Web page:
Penpoint Vol. IV:8 (December, 1993) © Covenant Media Foundation, 800/553-3938
By Dr. Greg Bahnsen
Tragic developments in Moscow during the first week of October have now substantiated the personal evaluation I brought home from Moscow last May.
Despite reservations about the overbearing powers which President Yeltsin wishes to exercise (too much like the tsar for most of us), he appeared to represent the only viable hope for a new future for Russia -- a future which exemplifies greater personal freedoms, market reform, and the democratic process. Yeltsin's opponents in the so-called Parliament actually embodied -- as much as two-thirds or more -- the old communist leadership, now wearing new (and hypocritical) hats of representative democracy. Having taken advantage of their previous positions of power to remain in office, in no meaningful sense did these people's "representatives" truly represent the people.
The Parliament predictably, consistently and bitterly thwarted Yeltsin's attempts at reform. It was evident to most observers that eventually one of the sides in this escalating tension would have to go. And in a culture which for centuries has experienced and come to expect powerful leaders to resolve political problems by resorting to force, President Yeltsin dissolved the Parliament and eventually backed up his order with a military assault which enjoyed popular approval.
During the siege/assault on the "White House" -- an attack staged on the very place where weeks before I had taken my tourist photos of the impressive building -- Yeltsin's parliamentary opponents unfurled a red communist flag. Their "true colors" were now flaunted for all of Russia, not to mention all of the world, to see. Unlike the October Revolution of 1917, however, in the October insurrection of 1993 the communists were full of bluster, but were defeated ignominiously.
Communism is dead in the land where it became the world's first laboratory testing ground for "scientific socialism."
And now it seems that communism's most famous corpse -- the embalmed body of Vladimir Lenin -- is heading for a dishonorable eviction from its marble mausoleum on Red Square. I visited this holy sepulchre of atheism last May, where the waxen corpse of the Bolshevik leader in a dark suit and polka-dot tie lies in a glass sarcophagus and mournful music quietly plays. I was struck with the mood of reverence enforced by the soldiers from the elite Kremlin regiment posted there and displayed by a few true devotees. Here was an eerie shrine for a religion-less religion -- ironically, one which dogmatized that no man could be more important than another. Lenin himself had denounced the "cult of personality" with contempt during his lifetime. In his death he exemplified it.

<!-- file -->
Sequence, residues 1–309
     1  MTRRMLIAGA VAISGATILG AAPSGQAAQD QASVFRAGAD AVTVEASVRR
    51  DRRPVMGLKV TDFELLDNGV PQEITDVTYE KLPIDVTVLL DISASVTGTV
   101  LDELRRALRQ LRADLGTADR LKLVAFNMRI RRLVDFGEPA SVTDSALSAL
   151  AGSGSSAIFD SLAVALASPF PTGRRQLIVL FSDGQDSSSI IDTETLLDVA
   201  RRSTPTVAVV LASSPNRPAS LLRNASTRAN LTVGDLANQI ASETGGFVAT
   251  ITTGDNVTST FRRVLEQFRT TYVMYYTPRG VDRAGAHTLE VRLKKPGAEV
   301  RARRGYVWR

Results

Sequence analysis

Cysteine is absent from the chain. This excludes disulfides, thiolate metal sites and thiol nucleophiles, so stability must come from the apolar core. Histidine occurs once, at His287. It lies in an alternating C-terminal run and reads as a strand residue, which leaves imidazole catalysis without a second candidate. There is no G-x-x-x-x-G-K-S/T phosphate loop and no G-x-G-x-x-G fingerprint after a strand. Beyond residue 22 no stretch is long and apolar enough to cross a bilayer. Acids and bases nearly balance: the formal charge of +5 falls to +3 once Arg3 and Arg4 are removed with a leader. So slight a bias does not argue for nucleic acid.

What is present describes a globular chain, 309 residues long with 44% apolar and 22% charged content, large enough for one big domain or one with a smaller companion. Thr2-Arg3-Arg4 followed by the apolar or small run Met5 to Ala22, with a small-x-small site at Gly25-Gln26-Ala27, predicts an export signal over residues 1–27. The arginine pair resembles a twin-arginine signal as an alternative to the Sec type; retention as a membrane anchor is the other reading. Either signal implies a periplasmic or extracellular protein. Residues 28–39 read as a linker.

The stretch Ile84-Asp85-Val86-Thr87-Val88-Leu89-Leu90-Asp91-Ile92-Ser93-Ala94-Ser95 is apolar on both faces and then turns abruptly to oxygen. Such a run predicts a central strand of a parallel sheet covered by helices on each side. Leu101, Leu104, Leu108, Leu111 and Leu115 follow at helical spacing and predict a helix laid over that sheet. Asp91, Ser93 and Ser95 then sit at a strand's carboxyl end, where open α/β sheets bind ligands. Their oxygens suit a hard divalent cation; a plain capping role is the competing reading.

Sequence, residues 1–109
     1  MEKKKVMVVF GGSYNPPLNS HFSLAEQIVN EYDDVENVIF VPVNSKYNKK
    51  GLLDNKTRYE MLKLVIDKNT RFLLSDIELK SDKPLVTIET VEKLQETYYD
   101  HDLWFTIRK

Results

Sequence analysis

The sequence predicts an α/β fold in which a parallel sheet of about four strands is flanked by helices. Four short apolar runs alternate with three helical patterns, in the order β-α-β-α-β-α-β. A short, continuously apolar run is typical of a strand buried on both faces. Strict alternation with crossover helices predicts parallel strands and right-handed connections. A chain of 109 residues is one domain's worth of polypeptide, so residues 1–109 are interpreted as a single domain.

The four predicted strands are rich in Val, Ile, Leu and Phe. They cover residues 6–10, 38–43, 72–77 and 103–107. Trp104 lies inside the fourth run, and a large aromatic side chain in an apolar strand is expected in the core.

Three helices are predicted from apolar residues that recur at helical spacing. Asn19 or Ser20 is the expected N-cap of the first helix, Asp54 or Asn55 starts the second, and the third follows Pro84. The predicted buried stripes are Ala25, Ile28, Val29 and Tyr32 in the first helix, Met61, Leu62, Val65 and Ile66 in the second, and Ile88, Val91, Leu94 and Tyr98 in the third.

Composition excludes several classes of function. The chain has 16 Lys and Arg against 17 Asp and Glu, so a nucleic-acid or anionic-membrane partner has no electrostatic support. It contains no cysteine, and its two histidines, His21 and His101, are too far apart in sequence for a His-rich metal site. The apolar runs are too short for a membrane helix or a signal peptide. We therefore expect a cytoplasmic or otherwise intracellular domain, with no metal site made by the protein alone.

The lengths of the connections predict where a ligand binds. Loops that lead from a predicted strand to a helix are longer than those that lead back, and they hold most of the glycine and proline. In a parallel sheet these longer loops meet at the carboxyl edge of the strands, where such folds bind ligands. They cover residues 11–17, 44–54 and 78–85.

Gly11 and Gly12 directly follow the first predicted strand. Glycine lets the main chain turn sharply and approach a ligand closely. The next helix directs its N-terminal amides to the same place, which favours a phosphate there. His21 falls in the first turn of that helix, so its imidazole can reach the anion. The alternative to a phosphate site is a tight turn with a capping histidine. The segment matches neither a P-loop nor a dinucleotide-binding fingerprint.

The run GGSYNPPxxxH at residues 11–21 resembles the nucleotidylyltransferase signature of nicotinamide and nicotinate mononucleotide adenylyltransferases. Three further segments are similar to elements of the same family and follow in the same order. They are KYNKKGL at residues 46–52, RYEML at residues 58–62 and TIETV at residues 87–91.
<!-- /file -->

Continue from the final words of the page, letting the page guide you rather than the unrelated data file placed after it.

When Lenin died in 1924 (the official state death certificate listed "excessive brain activity" as the cause), his body was laid in a wooden building on Red Square, which was replaced in 1930 with the present marble structure, from atop which Stalin and subsequent leaders would review the May Day Parade each year. (Lenin's brain had by then been removed for scientific analysis -- the results of which were never reported publicly.)
But the day following the ouster of the communists at Parliament, President Yeltsin abolished the goose-stepping guards at the Lenin mausoleum -- a prelude to the eviction of the corpse itself. This final, embarrassing, sacred symbol of communism needs to be removed from public life, the reformers in Russia believe. Some night the corpse will be quietly removed and probably interred next to his mother's tomb in St. Petersburg (which has reverted to its original name, defiantly canceling the memory contained in the communist-era name of "Leningrad").
This will complete the public burial of communism in Russia and erase the ugly memorial of its apostle of atheism. The poet Mayakovsky had declared: "Lenin lived, Lenin lives, Lenin will live." Such faith was misbegotten and futile. Lenin is dead and soon will be gone.
Christianity, which Lenin hoped to stamp out, is not tied to the symbol of a corpse, but to the historical reality of an empty tomb. Christians have no corpse on their hands as an embarrassing reminder of failure. Lenin is dead, but Jesus the Christ defeated death, rose from the grave, and lives forevermore as the Lord over all -- indeed, Lord even over Russia. "The same yesterday, and today and forever!" (Hebrews 13:8).